The best powerline extenders can seemingly do magic by filling a home’s pesky Wi-Fi dead zones with data. Instead of pumping out a fresh Wi-Fi signal with an extender and hoping for the best, powerline technology uses the house’s power cables inside its walls to put data just about anywhere there’s an AC outlet.
We used and reviewed the top powerline extender kits under real world conditions to help you pick the best device. Our criteria emphasizes value with everything from the device’s price, design and power use to whether it has an AC outlet to make up for the one it uses, its throughput and range.
Using powerline gear couldn’t be simpler: plug a small sending box in near where your data broadband connection is and a receiver where you want data to end up. There’s no software, configuration or passwords to fuss with. On the downside, rather than a fresh Wi-Fi signal, the data come out of a wired Ethernet port. Plus, the farther the signal has to travel, the less data that gets through to the receiver so that older homes with complicated wiring suffer from reduced range. In the typical home, powerline extensions can reach about a hundred feet, plenty for all but a mansion.
What are the best powerline extenders?
In our testing, the best powerline extender overall was the Netgear PLP2000, which stood out as superior by delivering the fastest data along with a reasonable range. It should be more than enough to add data where it’s needed.
If you live large, the TP-Link TL-PA9020P is the best powerline extender for large homes. The TP-Link's extended range can help turn a big house into a data-filled home. It has a monitoring and configuration utility, but the device is a power hog and that will show up on your power bill.
Meanwhile, D-Link’s DHP-601AV is the best budget powerline extender. The unit's small size, inexpensive price and power-efficient, two-prong plug design is perfect for homes without grounded three-prong outlets.
The best powerline extenders you can buy today
It’s a close call, but the Netgear PLP2000’s superior throughput trumped the TP-Link’s TL-PA9020P’s extended range, making it our choice as the best Powerline adapter. With the ability to move more data, the PLP2000 outperformed the crowd and filled a previously unconnected garage with more than enough data to watch videos, play games and live online.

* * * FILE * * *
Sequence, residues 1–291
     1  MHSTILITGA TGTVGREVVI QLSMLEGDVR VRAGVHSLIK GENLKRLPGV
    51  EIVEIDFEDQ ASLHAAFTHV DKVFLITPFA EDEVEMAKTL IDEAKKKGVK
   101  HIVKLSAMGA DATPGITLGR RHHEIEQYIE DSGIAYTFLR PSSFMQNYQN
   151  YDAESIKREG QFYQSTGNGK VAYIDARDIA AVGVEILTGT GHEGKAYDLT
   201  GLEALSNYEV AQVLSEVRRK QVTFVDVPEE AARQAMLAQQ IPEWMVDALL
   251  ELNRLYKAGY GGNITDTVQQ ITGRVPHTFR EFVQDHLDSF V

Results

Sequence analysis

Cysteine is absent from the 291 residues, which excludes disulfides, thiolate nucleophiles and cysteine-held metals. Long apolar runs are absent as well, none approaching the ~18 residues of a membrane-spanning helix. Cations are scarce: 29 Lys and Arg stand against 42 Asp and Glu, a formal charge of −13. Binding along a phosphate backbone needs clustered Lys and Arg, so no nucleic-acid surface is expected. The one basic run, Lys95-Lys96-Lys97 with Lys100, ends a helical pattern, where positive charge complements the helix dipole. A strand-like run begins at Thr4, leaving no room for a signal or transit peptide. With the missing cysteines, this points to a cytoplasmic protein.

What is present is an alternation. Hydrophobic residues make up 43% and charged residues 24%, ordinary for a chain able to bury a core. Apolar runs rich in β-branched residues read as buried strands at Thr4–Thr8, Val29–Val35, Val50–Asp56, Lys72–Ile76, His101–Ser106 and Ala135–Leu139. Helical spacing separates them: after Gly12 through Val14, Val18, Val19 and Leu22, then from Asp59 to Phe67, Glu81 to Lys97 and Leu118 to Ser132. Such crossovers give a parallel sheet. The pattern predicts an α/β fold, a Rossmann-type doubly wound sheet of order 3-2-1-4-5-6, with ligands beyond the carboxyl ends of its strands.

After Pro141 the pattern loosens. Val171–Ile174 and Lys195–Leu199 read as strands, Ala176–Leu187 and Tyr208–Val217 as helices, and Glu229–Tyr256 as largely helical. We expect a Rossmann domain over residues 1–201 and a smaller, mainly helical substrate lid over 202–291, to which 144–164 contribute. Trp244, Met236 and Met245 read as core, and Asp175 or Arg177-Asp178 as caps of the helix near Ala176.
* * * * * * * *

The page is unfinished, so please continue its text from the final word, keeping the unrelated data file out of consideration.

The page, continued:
It may be one of the largest PL extenders available and not include a monitoring utility, but the PLP2000 provides an AC outlet to make up for the one it uses and its two gigabit Ethernet ports provide data for a TV and a computer. While at $110 it’s among the most expensive PL extenders, it includes a one-year warranty and only 90-days of support, while its peers include a year or two of warranty and support.
Netgear’s PLP2000 can push data into unconnected parts of a home at peak performance and is the one to get.
Read our full Netgear PLP2000 Powerline Extender review.
TP-Link’s TL-PA9020P can help fill a big home with powerline data thanks to its class-leading range. It may be off the blistering pace set by the PLP2000, but the TL-PA9020 has the power to push data through more than 1,000-feet of electrical wiring and delivered top-speed to a previously unconnected garage. Its pair of Ethernet ports and AC passthrough outlet mean that it not only won’t hog your home’s outlets but can supply data to two devices, like a smart TV and a computer.